#1 By: Maggie Koerth-Baker, December 3rd, 2013 11:28
#2 By: TWX, December 3rd, 2013 11:56
Failed miserably seems a bit strong, especially when several like the early phonograph can be viewed as intermediate steps that both led to more refined products and helped him to promote himself to a wide audience. Others were arguably before their time like the consumer-grade movie projector.
To me, an example of failed miserably would be something that once into moderate use would come apart spectacularly, possibly hurting or killing the operator, or something that hurt or killed the inventor or those doing public demonstrations of it. It'd be like if hard disk drive platters started shattering en masse at 7200RPM, breaking through the drive's enclosure and destroying the inside of the computer and possibly breaching the case and hurting the user, or if a popular automobile started having engine block failures leading to blown-apart crankcases.
I could even call the crash of the 1971 Dodge Challenger Indy 500 Pace Car into the photographer's stand a miserable failure, as it not only crashed spectacularly, but crashed right into the crowd of people best suited to documenting the horror of it all.
A few inventions that didn't quite work out? Not so much.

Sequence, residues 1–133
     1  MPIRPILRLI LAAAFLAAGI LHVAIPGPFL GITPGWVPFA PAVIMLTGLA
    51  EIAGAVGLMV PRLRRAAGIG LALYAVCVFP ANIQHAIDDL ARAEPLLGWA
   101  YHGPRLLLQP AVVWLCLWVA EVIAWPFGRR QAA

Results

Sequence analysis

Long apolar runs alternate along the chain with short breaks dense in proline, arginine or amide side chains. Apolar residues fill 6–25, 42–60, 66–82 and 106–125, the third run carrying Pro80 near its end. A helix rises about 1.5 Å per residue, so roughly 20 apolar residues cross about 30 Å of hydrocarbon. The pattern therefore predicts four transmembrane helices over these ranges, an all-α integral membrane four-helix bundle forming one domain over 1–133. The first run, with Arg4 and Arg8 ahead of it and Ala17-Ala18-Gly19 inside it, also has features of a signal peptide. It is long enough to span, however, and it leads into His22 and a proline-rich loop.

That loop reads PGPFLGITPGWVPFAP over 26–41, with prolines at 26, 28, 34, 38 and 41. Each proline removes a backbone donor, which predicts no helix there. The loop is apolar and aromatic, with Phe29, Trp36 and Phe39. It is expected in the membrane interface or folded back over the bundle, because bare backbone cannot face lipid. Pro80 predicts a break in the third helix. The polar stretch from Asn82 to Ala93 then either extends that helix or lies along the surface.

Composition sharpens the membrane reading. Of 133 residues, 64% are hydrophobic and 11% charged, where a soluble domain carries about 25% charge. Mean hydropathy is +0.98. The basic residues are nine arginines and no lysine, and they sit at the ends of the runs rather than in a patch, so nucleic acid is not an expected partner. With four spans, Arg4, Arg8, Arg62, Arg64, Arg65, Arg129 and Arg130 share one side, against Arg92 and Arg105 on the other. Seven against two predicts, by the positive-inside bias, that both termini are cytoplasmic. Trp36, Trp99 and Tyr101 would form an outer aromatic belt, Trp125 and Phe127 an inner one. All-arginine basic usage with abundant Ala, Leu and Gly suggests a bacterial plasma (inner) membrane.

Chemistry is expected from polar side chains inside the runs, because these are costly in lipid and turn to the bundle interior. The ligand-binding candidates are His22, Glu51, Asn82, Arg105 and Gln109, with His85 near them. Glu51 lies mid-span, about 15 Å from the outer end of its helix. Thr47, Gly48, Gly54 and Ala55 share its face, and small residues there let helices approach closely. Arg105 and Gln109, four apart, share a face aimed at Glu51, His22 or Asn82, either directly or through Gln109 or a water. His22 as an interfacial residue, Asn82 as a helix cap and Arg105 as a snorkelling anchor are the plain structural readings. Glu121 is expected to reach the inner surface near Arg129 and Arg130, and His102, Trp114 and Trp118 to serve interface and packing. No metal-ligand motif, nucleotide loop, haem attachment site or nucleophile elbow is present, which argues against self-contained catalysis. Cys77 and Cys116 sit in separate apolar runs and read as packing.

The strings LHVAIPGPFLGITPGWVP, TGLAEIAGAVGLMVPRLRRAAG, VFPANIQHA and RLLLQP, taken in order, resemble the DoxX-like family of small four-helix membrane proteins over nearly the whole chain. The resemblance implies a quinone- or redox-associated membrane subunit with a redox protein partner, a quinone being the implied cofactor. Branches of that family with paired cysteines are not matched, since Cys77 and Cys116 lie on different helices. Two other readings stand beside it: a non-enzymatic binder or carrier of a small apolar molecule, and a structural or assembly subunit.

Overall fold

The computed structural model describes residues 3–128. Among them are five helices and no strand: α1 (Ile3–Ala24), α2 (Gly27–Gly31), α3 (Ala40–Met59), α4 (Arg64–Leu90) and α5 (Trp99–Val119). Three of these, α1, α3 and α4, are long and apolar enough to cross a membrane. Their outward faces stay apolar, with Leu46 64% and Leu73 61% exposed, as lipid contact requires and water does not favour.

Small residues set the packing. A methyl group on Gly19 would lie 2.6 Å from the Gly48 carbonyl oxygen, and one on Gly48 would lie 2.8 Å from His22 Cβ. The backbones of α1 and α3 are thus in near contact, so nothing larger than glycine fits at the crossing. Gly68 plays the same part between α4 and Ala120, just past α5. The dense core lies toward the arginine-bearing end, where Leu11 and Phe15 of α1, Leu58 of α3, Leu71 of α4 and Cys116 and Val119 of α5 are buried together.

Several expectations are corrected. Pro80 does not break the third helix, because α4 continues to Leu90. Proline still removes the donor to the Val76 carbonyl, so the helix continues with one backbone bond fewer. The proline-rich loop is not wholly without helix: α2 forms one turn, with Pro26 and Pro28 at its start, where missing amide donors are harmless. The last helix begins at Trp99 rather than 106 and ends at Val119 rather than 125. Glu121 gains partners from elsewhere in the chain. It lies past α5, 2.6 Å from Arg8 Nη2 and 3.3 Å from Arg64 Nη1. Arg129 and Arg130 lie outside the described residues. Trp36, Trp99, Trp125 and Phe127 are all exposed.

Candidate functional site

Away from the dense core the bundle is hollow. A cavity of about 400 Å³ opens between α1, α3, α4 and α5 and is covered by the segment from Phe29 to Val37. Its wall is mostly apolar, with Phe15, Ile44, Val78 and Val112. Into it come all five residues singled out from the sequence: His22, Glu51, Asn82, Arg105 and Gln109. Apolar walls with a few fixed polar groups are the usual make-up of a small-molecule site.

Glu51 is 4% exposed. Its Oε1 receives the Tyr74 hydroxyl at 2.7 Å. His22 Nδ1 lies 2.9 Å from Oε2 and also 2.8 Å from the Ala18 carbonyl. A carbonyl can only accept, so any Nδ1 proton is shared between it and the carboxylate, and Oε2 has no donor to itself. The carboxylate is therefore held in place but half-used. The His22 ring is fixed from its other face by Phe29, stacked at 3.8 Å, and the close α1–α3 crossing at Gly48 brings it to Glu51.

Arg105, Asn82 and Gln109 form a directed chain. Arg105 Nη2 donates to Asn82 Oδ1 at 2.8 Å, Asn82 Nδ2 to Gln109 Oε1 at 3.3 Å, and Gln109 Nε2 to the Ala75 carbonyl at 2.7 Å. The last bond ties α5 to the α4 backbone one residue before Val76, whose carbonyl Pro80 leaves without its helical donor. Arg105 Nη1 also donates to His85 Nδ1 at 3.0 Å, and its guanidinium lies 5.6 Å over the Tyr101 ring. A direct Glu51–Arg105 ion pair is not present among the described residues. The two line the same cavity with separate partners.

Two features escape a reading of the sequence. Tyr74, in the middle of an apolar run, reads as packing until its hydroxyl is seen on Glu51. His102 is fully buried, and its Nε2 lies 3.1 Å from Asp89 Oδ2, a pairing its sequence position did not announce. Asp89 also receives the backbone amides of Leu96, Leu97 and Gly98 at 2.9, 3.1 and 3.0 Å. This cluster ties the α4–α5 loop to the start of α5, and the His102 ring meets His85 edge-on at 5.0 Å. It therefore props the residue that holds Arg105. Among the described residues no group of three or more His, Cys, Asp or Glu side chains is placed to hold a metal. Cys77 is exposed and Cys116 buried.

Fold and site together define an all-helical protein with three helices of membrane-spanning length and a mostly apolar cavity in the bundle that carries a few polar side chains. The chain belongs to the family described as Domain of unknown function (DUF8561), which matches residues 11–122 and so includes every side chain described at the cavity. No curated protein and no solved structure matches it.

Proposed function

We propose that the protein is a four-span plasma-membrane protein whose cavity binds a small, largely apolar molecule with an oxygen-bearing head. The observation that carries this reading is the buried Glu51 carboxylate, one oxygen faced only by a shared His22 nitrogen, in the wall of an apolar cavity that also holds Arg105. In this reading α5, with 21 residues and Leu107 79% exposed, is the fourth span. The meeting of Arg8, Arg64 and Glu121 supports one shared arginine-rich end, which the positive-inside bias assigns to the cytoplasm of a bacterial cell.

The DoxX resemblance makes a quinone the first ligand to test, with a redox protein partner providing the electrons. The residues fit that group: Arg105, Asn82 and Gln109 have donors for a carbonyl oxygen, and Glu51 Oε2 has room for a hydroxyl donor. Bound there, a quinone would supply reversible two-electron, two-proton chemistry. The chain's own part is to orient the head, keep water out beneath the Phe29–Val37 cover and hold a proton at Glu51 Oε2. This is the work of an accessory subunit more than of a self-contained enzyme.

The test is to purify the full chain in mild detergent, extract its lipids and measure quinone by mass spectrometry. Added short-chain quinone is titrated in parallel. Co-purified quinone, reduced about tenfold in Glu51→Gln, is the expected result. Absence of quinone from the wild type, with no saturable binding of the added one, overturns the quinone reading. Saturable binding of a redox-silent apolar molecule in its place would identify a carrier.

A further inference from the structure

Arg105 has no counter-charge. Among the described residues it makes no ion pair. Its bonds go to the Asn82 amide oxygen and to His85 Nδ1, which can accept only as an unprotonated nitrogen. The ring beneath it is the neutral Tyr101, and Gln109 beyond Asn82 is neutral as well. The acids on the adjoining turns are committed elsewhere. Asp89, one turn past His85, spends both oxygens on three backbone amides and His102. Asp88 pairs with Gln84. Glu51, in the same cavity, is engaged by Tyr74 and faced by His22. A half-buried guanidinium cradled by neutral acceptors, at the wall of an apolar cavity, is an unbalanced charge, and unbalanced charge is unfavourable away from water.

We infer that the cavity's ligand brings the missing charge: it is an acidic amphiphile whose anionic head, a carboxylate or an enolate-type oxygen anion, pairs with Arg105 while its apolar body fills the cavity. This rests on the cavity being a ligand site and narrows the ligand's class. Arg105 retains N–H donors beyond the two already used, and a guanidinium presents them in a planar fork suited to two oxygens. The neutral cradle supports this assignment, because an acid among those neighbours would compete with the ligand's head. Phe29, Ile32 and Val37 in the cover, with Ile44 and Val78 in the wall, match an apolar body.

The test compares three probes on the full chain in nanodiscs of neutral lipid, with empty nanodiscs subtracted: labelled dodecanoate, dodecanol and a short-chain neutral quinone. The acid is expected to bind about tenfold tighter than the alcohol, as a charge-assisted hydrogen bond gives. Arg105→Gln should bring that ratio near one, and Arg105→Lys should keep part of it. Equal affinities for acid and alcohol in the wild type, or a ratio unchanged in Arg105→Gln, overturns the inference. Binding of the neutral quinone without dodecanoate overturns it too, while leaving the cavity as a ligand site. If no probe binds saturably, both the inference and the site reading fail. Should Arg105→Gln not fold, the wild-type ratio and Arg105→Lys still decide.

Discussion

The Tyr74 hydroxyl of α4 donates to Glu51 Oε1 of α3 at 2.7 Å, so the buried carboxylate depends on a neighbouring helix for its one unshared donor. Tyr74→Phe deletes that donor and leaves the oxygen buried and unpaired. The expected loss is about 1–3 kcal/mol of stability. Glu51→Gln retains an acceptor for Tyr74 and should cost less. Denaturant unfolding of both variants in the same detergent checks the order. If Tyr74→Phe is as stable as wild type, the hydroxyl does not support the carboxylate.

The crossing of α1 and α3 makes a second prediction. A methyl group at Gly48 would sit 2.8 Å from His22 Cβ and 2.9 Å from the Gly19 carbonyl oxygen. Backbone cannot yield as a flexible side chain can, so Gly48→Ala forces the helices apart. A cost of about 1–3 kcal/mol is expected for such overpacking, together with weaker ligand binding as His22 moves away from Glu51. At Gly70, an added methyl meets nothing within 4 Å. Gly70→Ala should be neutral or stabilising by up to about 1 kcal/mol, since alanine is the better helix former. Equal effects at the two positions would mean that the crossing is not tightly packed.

#3 By: Jason Andresen, December 3rd, 2013 13:00
That seems more like spectacular failures than miserable failures to me. A miserable failure is one where someone spends a lot of time and effort inventing what he thinks will be the greatest new thing ever, and absolutely nobody is interested, or he discovers that a better and cheaper solution already existed and that everything he's been working on for years is a total waste of time and energy.
That said, inventing is speculative, so failure is always an option. It's not even necessarily the fault of the inventor, sometimes they're just ahead of their time and the technology needed to make their invention practical has not been invented yet.
You see this a lot in patent trolling cases. Someone back in 1992 sees cell phones and thinks "it would be cool to do email on this, you could push the email out to the phones via out of band channels. Of course we would need some sort of data standard on the phones, so it won't work now, but maybe some day. 15 years later a patent trolling firm that bought up the guy's patent sues every smartphone manufacturers for sending email to phones, because they didn't start doing it until it was practical."
#4 By: Charles Waugh, December 3rd, 2013 13:51
Another article that makes lack of perfection into a bad thing. I would love to have a video of the miserable fails of the author, Erica Hendry as she learned to ski. Or maybe she was too afraid of looking bad in front of others to even try.
That's what most people do, and it's what our educational system is great at - penalizing those who try and then FAIL (miserably!). Divergent thinkers like Edison will not always get it right and the bystanders who love to gloat will point out their 'failures', and even call them miserable.
#5 By: Frank Ozaki, December 3rd, 2013 15:19
i know tesla is the new coolness and all that, but i don't see why edison should warrant yucks for these. i mean, he was clearly thinking about the future and trying things out -- isn't that what inventors do? not everything was a success, and he was cool with that. why can't we be?
#6 By: Maggie Koerth-Baker, December 8th, 2013 11:28
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